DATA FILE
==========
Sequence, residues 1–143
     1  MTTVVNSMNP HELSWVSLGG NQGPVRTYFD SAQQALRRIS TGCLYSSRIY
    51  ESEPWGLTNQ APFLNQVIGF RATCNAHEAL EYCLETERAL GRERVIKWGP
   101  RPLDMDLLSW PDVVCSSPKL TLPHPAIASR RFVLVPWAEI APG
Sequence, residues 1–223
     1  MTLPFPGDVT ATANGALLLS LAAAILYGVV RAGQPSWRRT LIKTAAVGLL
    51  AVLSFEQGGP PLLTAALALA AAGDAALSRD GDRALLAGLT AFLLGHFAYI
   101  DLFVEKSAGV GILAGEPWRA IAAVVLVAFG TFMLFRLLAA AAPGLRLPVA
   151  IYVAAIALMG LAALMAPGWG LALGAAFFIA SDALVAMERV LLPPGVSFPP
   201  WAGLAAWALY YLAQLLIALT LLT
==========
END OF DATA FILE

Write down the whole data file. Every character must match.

Sequence, residues 1–143
     1  MTTVVNSMNP HELSWVSLGG NQGPVRTYFD SAQQALRRIS TGCLYSSRIY
    51  ESEPWGLTNQ APFLNQVIGF RATCNAHEAL EYCLETERAL GRERVIKWGP
   101  RPLDMDLLSW PDVVCSSPKL TLPHPAIASR RFVLVPWAEI APG
Sequence, residues 1–223
     1  MTLPFPGDVT ATANGALLLS LAAAILYGVV RAGQPSWRRT LIKTAAVGLL
    51  AVLSFEQGGP PLLTAALALA AAGDAALSRD GDRALLAGLT AFLLGHFAYI
   101  DLFVEKSAGV GILAGEPWRA IAAVVLVAFG TFMLFRLLAA AAPGLRLPVA
   151  IYVAAIALMG LAALMAPGWG LALGAAFFIA SDALVAMERV LLPPGVSFPP
   201  WAGLAAWALY YLAQLLIALT LLT